“The marvels of daily life are exciting; no movie director can arrange the unexpected that you find in the street” – Robert Doisneau

We’re delighted to present the results of this year’s eleventh theme – Urban Life! For this call, we were interested in urban explorations and the insights they can uncover: architecture and cityscapes, urban scenes, street encounters, suburban stories… We asked you to show us urban life and the revelations of the modern world, from New York to Nairobi, Shanghai to São Paulo.

The theme was judged by Steve Macleod. As Creative Director for Metro Imaging, Steve have been at the forefront of photographic imaging for over twenty years, and in 2004 was awarded a fellowship of the RSA for his commitment to the industry. He curates, commissions, critiques and lectures, as well as being a practicing artist in his own right.

You can discover the winning images below and join the discussion on Facebook, Instagram and Twitter. Congratulations to all the talented photographers featured and thank you all for your entries and interest. Let’s rediscover our cities…


“Children of the La Piedrita commune playing basketball on the streets in the Barrio 43 de Enero of Caracas, Venezuela”.

This image has a lot. It’s reminiscent of Tony Ray Jones. From the murals to the kids and the basket, I keep coming back to it. The fact that the ball is nowhere to be seen and all eyes are directed towards it is mature – this is urban life, this is their urban life and we get a small window onto it like peeking neighbours – Steve MacLeod, Metro Imaging

Humour is a powerful tool in photography, and Valery’s clever framing makes for a highly memorable image. As much as the Che Guevara mural is joining in on the ‘spot the ball’ competition, it can be seen that the boys are joining in on his revolutionary upward gaze. It’s this dynamic – politics and play, urban banality and revolution, freedom and the complex, busy urban environment – that makes this image so strong. And it’s packed full of detail, keeping you coming back for more – Life Framer Editors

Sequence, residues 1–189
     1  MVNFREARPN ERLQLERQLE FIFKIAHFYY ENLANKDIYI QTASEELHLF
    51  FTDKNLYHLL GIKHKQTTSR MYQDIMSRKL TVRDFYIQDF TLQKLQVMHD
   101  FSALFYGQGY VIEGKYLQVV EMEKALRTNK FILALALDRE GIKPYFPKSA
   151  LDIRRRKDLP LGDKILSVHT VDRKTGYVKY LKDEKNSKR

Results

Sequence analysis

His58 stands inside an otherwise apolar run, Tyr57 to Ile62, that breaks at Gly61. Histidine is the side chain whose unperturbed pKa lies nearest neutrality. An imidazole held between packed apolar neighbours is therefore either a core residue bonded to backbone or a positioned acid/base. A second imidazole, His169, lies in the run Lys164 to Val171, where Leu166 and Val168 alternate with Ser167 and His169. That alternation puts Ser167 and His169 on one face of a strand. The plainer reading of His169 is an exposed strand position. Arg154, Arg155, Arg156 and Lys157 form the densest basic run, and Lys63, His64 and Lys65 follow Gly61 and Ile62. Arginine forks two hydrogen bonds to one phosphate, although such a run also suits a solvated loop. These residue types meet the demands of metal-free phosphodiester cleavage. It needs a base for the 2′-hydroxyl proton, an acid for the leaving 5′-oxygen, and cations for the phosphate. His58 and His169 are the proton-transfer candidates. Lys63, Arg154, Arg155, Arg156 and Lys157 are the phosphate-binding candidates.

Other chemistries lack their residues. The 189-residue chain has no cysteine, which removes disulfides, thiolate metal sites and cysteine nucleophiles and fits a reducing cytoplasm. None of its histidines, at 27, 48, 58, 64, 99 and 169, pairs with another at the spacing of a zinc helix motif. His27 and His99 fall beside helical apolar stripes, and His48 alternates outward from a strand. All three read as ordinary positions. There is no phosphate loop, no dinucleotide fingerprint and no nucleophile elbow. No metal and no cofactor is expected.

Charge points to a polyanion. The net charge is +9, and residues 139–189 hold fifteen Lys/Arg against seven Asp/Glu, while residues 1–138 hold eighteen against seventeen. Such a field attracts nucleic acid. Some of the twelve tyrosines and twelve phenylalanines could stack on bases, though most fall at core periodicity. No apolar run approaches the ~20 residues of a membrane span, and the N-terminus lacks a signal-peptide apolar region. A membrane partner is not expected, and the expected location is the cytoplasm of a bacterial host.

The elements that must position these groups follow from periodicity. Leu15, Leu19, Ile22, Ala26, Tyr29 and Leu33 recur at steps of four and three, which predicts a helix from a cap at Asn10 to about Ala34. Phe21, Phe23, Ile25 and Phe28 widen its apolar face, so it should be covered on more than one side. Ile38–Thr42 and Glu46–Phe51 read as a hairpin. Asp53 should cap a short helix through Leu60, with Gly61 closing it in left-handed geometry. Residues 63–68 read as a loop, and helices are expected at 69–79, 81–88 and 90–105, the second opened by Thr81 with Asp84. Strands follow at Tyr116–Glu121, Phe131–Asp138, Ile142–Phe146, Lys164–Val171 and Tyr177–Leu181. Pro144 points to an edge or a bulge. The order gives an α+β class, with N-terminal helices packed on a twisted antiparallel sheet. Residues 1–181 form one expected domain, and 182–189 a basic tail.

“This image comes from a story about South Sudan, the newest country in the world. In Juba, the construction of this business center was interrupted and occupied by women who sell hot beverages to the workers of the neighborhood”.

This image grew on me as I understood the context behind the work. It displays the ingenuity and resilience of people living in an urban environment – adapting to change. The irony of halted building works being utilised and occupied by the workforce is a powerful metaphor for this emerging nation – and it’s a well-constructed image too! – Steve MacLeod, Metro Imaging

This scene is packed full of information – busy business goings-on between the stark concrete geometry which acts to ground and partition the image. It’s a document of adaptation, of life going on in spite of extraneous factors. As Steve notes, it’s a metaphor for the energy and ingenuity of a young, growing nation. The relentless march of change – Life Framer Editorsµ


“This image is from my series ‘Between Us’ that brings together a set of feelings and experiences – between me and NYC, my look and the life of this city. Between my images and those that view them. This work and my personal involvement are intimately linked to the profound changes this city has brought about in my life. Much more than a series of photos, it is a life experience that I share”.

I dismissed this image on first and second pass, and I am glad I didn’t in the end. It asks so many questions about urban survival, uniformity, pace, anonymity etc. etc. It is a powerful, confusing and disruptive image, expertly delivered – Steve MacLeod, Metro Imaging

This image is a result of someone with a real command of their camera – a hawk-eyed awareness of their environment and a creative power to tell stories. The face obscured by the elbow could be seen as a compositional mistake, but in fact it’s exactly what makes the image. On considered inspection the elements of the image are framed spectacularly, and this instant ask so many questions – about the speed of urban life, about lack of identity in a world where we co-exist but will never know each other. It’s very powerful – Life Framer Editors


Baptiste Mourrieras, Simone Padelli, Nicola Muirhead, Kristian Leven, Denise Kwong, Peter Braunholz, Rokas Jankus, Sophie Ebrard, Jimmy Donelan, John Sanderson, Thomas Franceschini, Mark Indig, Tony McAteer, Polly Tootal, Antoine Chesnais, Liam Shaw, Romain Jacquet Lagreze

A prestigious jury, 4 international exhibitions and $24000 in cash prizes.

Join the award